In an effort to inform bilingual or emerging bilingual students across campus about my fall 2012 course, I used the shortened University system title, Spanish Children’s Literature rather than writing the complete course title: Teaching Literature in Spanish for the K-12 Foreign Language Classroom.
Soon after, I received the email message below. For humor and anonymity’s sake, I signed the email as from “The Language Vigilante”:
Suggestion for a title change:
Unless you are aiming to have your students read only children’s
literature that is published in Spain, the title of your course should
read “Literature for Children in Spanish.” Your course description also
needs to be revised to show your intention for the course.
I actually find it interesting that although you teach teachers and
future teachers, your command of the English language and that of the
Spanish language needs improvement. This is not the first time that I
send you a correction for a message you send out. The previous time my
suggestion improved the error in Spanish.
–The Language Vigilante (pseudonym used)
Dear Language Vigilante,
My first instinct upon receiving this email (indeed, your second—you’d caught an earlier error on my blog when I wrote “feliz” instead of the plural “felices”), was defensiveness—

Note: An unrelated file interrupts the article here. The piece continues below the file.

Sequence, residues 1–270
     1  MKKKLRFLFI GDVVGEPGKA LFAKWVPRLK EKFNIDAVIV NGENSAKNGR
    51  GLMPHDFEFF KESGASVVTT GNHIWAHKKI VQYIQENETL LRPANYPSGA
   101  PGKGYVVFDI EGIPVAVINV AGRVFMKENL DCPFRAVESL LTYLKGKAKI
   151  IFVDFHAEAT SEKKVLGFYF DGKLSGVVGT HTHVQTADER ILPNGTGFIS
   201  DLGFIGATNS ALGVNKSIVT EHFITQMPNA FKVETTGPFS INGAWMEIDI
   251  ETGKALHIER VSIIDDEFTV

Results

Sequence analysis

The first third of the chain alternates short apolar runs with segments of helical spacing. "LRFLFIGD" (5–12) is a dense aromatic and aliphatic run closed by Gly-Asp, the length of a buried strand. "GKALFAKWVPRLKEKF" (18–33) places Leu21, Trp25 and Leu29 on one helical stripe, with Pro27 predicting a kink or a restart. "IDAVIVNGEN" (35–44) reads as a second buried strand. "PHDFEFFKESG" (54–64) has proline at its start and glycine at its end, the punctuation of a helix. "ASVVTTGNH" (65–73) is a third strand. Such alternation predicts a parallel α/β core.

I used a version of the shortened university title [SPANISH CHILD LIT];
I know my Spanish (and English) can be improved—but aren’t we all, always, language learners (L1, L2, L3, L4…)?
Isn’t the point of emails and blogs vs. a piece of published prose to imply shorthand, thoughts in draft, to risk small errors in an effort at more immediate communication?
Isn’t there a more cordial, more humane way to identify mistakes in language that are less punitive?
Are you a mean, unhappy person?
Thankfully, just after reading this email missive, I received a link to “What We Nurture with Sylvia Boorstein,” aired on the NPR program “On Being with Krista Tippett”. Boorstein, a celebrated Jewish-Buddhist teacher and psychotherapist, shared what the GPS might teach about “recalculating” in terms of our inner peace, what she called “equanimity”:
It [The GPS] never gets annoyed at me. If I make a mistake, it says, “Recalculating.” And then it tells me to make the soonest left turn and go back….If something happens, it challenges us and the challenge is, OK, so do you want to get mad now? You could get mad, you could go home, you could make some phone calls, you could tell a few people you can’t believe what this person said or that person said. Indignation is tremendously seductive, you know, and to share with other people on the telephone and all that. So to not do it and to say, wait a minute, apropos of what you said before, “wise effort” to say to yourself, wait a minute, this is not the right road. Literally, this is not the right road. There’s a fork in the road here. I could become indignant, I could flame up this flame of negativity or I could say, “Recalculating.” I’ll just go back here.